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Some of the team’s success is surely linked to one of the more radical changes Shanahan has made since arriving. Newcomers say the 49ers’ practice time is among the shortest in the NFL. At first glance, San Francisco’s newfound brand of physical football seems to stand in sharp contrast with practices that average one hour and 45 minutes and only see players strap on shoulder pads for half a practice, on Thursdays.
“Old-school coaches say, You need to be tough!” says Ford. “F--- outta here. You don’t forget how to hit. Either you’ve got physical players or you don’t. We’re one of the more physical teams in the league, and we probably wear pads less than anybody.”
There are also bonuses that might not show up when watching game film in a vacuum. “Morale, emotional stability, energy, focus,” Ford says. “More is not more. [Shorter practices are] not what the old-school guys are used to, but that’s why you see a lot of guys leave the game in bad shape. Games are not the problem in this sport. It’s the week, the cumulative effect.”
What the practices lack in duration they make up for in speed. Transitions between plays and periods are fast. There’s no time for coaches to launch into long-winded teaching moments. Mistakes are corrected in the film room. Practice is a 40-yard dash instead of a mile run. “When it’s fast like that, we pick up stuff like this,” Alexander says as he snaps fingers rapidly. “Then when you get to the game, it starts to feel like slow motion.”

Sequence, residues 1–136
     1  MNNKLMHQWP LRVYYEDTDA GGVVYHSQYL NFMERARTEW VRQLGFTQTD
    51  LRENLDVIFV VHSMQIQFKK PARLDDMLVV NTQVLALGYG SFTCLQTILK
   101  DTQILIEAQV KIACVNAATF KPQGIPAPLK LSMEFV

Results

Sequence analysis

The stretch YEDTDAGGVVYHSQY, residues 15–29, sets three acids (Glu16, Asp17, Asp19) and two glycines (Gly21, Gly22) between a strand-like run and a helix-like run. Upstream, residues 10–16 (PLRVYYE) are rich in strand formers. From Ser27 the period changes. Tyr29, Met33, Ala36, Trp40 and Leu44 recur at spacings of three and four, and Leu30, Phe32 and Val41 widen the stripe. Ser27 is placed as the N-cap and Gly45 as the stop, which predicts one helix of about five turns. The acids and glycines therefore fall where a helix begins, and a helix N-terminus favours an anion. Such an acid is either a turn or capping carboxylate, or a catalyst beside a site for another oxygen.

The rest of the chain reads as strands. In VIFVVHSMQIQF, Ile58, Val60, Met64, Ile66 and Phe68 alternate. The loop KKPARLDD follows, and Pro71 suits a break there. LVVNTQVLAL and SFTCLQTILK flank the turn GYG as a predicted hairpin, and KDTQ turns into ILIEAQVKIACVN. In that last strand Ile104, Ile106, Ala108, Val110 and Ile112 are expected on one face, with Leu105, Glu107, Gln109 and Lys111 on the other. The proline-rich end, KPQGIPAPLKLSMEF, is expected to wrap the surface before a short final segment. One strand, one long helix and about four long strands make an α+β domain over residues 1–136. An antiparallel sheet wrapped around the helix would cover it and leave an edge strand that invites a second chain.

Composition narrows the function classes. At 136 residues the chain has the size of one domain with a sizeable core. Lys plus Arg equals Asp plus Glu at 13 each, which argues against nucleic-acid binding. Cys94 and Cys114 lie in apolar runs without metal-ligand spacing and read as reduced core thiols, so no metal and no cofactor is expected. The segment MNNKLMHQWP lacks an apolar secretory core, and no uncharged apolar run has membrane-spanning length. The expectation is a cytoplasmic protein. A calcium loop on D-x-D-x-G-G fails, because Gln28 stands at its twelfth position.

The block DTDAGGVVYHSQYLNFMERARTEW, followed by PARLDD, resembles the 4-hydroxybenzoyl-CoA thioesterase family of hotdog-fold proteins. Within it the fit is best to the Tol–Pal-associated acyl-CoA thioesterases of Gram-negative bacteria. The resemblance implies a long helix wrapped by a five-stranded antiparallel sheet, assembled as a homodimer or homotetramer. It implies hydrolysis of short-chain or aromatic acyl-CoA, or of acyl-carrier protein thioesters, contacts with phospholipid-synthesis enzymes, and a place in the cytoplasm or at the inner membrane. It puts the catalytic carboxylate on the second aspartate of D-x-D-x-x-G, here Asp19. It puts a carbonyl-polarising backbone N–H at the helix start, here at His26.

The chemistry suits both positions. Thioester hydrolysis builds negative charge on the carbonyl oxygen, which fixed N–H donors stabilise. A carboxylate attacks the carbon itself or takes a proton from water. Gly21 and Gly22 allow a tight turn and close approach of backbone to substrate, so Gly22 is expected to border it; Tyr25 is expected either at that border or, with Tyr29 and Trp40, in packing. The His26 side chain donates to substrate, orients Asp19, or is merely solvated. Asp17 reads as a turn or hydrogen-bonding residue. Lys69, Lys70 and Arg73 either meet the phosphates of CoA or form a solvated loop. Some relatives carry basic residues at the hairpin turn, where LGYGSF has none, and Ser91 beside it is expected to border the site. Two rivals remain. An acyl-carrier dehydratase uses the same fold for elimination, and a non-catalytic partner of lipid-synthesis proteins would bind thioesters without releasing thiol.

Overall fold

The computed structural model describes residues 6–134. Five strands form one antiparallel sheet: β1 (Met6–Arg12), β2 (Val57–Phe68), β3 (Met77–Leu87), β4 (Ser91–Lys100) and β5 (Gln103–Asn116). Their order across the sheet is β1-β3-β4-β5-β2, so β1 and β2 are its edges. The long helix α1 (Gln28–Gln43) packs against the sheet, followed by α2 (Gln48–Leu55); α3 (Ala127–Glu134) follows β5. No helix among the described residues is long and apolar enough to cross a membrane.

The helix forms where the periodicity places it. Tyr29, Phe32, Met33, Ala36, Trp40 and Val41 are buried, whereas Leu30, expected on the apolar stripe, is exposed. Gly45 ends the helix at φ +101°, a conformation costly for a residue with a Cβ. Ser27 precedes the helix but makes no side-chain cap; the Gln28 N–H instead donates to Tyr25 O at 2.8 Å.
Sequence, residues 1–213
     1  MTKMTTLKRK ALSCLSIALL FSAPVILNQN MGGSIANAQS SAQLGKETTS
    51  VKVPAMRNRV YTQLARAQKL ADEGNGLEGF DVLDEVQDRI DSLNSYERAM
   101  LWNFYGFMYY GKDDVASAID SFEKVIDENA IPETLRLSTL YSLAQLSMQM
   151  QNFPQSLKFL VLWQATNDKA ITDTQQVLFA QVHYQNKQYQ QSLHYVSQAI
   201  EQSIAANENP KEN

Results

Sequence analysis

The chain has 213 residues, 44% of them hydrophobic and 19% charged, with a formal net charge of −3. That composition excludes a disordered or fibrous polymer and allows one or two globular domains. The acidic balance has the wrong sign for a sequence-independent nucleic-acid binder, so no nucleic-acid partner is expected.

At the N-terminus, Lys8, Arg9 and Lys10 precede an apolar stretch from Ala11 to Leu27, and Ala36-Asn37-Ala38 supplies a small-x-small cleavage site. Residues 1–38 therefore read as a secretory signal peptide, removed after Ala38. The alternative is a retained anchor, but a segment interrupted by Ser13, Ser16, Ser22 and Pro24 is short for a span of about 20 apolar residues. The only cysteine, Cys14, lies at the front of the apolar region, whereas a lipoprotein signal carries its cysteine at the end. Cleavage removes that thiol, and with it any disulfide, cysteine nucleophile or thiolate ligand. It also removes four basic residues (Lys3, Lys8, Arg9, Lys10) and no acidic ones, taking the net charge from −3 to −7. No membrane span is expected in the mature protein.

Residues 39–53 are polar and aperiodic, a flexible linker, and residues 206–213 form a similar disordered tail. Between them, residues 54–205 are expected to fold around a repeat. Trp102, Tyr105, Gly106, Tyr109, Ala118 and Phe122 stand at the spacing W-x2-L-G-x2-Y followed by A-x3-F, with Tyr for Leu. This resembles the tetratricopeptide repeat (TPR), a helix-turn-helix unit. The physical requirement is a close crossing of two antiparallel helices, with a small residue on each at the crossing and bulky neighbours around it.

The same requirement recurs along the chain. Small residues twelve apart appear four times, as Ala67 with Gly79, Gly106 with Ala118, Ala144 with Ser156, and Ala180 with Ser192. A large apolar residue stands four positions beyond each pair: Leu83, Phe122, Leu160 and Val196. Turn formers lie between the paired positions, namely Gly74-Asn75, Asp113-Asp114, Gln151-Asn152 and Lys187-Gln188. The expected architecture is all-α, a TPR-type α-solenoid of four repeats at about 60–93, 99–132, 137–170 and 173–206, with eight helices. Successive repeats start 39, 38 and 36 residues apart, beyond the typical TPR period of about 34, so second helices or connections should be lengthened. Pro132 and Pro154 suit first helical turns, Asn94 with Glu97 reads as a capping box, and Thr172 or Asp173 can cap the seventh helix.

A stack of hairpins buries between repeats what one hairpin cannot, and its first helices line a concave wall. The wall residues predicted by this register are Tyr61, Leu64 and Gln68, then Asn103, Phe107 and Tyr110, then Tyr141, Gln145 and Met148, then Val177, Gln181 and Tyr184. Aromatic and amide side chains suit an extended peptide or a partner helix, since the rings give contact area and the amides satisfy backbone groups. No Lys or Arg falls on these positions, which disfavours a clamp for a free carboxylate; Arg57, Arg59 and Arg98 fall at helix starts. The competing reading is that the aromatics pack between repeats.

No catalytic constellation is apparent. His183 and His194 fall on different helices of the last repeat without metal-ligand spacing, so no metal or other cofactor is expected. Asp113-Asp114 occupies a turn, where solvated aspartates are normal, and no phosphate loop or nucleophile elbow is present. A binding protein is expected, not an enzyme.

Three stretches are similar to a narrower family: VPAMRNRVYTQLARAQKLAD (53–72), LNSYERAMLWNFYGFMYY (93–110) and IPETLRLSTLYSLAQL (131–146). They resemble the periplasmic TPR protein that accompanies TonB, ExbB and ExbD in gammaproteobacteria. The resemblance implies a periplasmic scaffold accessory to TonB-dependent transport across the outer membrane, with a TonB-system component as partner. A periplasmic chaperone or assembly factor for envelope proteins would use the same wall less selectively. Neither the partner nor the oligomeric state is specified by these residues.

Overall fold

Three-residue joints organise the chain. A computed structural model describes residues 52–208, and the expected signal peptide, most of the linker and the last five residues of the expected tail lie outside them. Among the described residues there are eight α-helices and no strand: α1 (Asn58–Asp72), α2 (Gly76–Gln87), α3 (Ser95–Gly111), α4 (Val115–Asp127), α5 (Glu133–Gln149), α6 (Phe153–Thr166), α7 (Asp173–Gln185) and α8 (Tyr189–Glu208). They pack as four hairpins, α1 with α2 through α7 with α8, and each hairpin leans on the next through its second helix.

Coleman, another first-year Niner, says practices in San Francisco are about an hour shorter than the ones he experienced playing in Atlanta. “Guys get on their details,” he says. “At first it was overwhelming. It helps us as we get in the game. The game just seems slower.”
What time the players don’t spend on the practice field, they spend in recovery. The Niners staff a small army of masseuses, chiropractors and acupuncturists, many of whom travel with the team. “That might not be rare around the league now,” Staley says, “but it definitely was when we started it.”
Overseeing it all is Ben Peterson, former director of sports science for the NHL’s Philadelphia Flyers and now head of player health and performance for the Niners, a position created out of a need for harmony between the athletic training staff and the strength and conditioning staff. After two injury-plagued seasons that included, according to two team sources, various miscommunications between the two groups, the team fired strength and conditioning coach Ray Wright and athletic trainer Jeff Ferguson last winter.
Standing adjacent to the practice field, just to the right of the path players take from the locker room, is a 20-plus-foot artificial hill at a steep incline and covered in artificial turf. It was ordered by Wright, and players once ran up and down the hill frequently. Now it stands unused and fenced off, a failed experiment turned monument to accountability.